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Judge dismisses a key claim in copyright case over Lizzo’s Truth Hurts

By | Published on Monday 17 August 2020


A judge in the US last week dismissed a key copyright claim being made against Lizzo by three of her former collaborators. However, the wider dispute regarding her song ‘Truth Hurts’ continues.

Lizzo, real name Melissa Jefferson, collaborated with Justin Raisen, Jeremiah Raisen and Yves Rothman in 2017. And while using the Raisens’ studio, she wrote a song called ‘Healthy’ that included the lyric, “I did a DNA test, turns out I’m 100% that bitch”. Although ‘Healthy’ was never released, that line then appeared in ‘Truth Hurts’ when it was released later the same year.

After the latter track gained new popularity last year, the Raisens and Rothman claimed – initially on social media – that they had co-written ‘Healthy’, and that therefore they should also have a co-write credit on ‘Truth Hurts’.

On the back of that social media chatter, Jefferson went legal, seeking court confirmation that the Raisens and Rothman had no copyright claim over her late-in-the-day hit. They then countersued seeking court confirmation to the contrary.

Last week’s ruling on the case favoured Jefferson. The judge rejected the logic presented by the Raisens and Rothman that, because they were co-authors of ‘Healthy’, and ‘Truth Hurts’ is a derivative work of ‘Healthy’, they must be a co-author of ‘Truth Hurts’.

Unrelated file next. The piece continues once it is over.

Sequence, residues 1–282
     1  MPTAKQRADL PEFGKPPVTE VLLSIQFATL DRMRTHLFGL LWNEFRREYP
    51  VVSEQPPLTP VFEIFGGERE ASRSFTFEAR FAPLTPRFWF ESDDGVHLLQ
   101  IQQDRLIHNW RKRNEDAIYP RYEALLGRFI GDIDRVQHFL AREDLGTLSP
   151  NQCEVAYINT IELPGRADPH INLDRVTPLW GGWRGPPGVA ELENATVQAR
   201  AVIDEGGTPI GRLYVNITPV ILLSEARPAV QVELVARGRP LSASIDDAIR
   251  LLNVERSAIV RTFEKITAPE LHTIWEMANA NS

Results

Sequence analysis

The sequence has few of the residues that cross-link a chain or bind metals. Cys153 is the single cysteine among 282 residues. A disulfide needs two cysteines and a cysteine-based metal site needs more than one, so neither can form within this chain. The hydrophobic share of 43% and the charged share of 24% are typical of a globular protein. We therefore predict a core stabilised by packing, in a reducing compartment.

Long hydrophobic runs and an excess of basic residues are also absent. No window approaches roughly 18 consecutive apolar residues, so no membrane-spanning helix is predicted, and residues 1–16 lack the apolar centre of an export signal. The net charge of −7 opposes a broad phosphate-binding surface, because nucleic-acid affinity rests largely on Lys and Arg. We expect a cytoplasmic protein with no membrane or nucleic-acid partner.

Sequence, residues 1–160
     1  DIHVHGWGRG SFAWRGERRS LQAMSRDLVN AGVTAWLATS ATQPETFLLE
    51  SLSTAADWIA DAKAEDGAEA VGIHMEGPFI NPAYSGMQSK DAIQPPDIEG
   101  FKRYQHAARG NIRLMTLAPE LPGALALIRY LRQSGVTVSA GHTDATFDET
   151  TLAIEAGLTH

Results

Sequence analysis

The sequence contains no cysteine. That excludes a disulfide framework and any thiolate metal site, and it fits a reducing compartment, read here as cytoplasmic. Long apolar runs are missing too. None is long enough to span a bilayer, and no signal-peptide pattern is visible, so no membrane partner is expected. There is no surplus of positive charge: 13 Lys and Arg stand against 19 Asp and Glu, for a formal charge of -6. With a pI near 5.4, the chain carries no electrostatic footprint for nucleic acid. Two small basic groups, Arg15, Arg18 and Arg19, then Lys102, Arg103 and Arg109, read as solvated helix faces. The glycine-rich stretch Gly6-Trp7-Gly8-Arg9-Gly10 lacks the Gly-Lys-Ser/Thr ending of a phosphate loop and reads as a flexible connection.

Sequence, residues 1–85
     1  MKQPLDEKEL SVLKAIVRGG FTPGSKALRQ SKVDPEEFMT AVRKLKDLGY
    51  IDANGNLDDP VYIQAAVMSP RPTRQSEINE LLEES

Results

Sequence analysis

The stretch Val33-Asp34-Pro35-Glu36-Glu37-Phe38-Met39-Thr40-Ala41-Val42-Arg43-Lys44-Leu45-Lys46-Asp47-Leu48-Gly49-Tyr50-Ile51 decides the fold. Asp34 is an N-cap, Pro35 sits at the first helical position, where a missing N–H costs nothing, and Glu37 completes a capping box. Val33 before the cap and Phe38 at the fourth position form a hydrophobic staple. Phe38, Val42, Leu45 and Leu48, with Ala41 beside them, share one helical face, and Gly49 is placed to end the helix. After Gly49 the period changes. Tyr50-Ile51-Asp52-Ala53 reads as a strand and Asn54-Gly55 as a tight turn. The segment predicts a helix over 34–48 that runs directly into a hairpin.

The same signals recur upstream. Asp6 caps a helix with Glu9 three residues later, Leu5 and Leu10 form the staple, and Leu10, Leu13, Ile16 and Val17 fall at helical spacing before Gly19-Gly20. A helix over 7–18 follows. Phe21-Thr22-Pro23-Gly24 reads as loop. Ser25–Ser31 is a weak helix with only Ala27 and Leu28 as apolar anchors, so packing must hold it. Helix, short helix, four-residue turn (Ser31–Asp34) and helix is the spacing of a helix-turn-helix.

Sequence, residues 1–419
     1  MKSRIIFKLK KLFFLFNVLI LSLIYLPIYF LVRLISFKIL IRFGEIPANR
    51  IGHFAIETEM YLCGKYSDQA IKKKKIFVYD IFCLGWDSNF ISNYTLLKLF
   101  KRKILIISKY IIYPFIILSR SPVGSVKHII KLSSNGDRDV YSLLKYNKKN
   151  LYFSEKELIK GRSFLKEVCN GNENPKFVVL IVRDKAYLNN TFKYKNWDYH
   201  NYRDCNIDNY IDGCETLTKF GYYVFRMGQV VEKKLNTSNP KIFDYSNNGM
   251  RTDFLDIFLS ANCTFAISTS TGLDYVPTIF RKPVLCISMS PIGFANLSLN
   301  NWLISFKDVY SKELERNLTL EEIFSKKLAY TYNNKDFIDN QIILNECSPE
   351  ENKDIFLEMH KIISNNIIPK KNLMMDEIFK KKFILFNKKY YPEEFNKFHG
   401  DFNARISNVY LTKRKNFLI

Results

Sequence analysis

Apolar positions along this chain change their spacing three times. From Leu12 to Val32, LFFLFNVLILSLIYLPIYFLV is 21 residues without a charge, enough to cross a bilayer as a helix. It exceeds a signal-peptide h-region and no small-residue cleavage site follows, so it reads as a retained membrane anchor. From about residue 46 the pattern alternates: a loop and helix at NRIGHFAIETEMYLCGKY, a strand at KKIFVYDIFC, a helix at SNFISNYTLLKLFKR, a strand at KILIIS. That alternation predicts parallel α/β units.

It’s worth noting that there remains a dispute over whether or not the Raisens and Rothman actually co-authored ‘Healthy’, and over whether or not ‘Truth Hurts’ is a derivative work of the earlier song. However, what last week’s ruling stated was – even if you accepted both those things – that doesn’t automatically make the Raisens and Rothman co-authors of ‘Truth Hurts’.

However, there is an alternative argument that the Raisens and Rothman could now make. That being that the recording sessions that resulted in ‘Healthy’ and the recording sessions that resulted in ‘Truth Hurts’ were, in fact, all part of the same creative process.

And therefore that the Raisens and Rothman were involved in the early stages of that creative process, which is what gets them their co-author status on the hit.

Last week’s ruling gave the three men the right to re-file an amended complaint, and they are now expected to do so using that alternative argument. Which is why a legal rep for the Raisens and Rothman dubbed last week’s court decision “a temporary setback”.

Said legal rep, Lawrence Y Iser, also told reporters: “We will be submitting amended counterclaims, which will address the court’s concerns with our original pleading. We know the truth may hurt, but Lizzo will not be able to continue denying our clients’ substantial contributions to the Grammy-winning song for much longer”.